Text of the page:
We have recently developed graph signal processing algorithms for the manipulation of 3D colored meshes. For instance, we have proposed a method for the automatic sharpness enhancement of 3D colored meshes. Existing techniques for sharpness enhancement of images use structure-preserving smoothing filters within a hierarchical framework. They decompose the image into different layers from coarse to fine details, making it easier for subsequent detail enhancement. Some filters have been extended to 3D meshes but most manipulate only mesh vertices positions. In our approach we have developed a robust sharpness enhancement technique based on morphological graph signal decomposition. The approach considers manifold-based morphological operators to construct a complete lattice of vectors. With this approach, a multi-layer decomposition of the 3D colored mesh, modeled as a graph signal, is proposed that progressively decomposes an input color mesh from coarse to fine scales. The layers are manipulated by non-linear s-curves and blended by a structure mask to produce an enhanced 3D color mesh.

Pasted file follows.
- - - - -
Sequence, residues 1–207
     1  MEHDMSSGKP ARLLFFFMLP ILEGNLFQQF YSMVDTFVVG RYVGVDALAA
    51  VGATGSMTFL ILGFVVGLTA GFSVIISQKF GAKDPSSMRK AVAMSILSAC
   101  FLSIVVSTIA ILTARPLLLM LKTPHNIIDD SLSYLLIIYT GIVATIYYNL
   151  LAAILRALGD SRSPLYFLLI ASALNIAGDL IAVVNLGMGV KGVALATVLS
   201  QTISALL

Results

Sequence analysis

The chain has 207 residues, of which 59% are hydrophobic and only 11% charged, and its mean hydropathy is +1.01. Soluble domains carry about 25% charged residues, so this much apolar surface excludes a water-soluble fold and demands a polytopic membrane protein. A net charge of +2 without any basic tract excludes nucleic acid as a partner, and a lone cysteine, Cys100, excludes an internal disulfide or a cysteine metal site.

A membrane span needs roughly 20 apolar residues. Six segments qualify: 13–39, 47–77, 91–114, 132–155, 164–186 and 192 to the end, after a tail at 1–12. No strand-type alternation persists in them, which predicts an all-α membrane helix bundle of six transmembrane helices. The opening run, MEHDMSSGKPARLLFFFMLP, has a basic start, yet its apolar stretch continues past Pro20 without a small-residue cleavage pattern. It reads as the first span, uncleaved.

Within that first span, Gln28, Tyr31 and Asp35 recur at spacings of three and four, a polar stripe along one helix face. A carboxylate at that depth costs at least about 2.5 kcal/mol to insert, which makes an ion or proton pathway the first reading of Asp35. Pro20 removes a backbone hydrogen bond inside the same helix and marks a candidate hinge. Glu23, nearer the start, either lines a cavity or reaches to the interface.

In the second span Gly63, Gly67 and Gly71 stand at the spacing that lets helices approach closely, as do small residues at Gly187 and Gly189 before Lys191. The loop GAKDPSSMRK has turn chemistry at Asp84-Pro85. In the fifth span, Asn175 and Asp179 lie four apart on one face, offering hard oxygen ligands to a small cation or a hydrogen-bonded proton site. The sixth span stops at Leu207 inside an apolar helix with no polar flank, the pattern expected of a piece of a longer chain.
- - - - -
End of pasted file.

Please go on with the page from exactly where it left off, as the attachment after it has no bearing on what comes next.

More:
Original Colored Mesh from Reconstruct Me | Structure Mask | Sharpened Colored Mesh |

Original/Sharpened Colored Mesh (roll over/out the image to see the difference) |

However, if structure preserving smoothing filters have became so popular in image processing, this is mainly because they have been made very fast with the use of graphics cards. For 3D colored meshes, the current offline methods we have developed can take several minutes to get results on a modern CPU. Such a long processing time is not acceptable for interactive processing with a user. Since we consider graph signals, most of the processing time is highly parallelizable. In this project we plan to utilize the massive parallel processing power of the GPU to accelerate our processing of 3D colored meshes.

We gratefully acknowledge the support of NVIDIA Corporation with the donation of the Titan Xp GPU used for this research.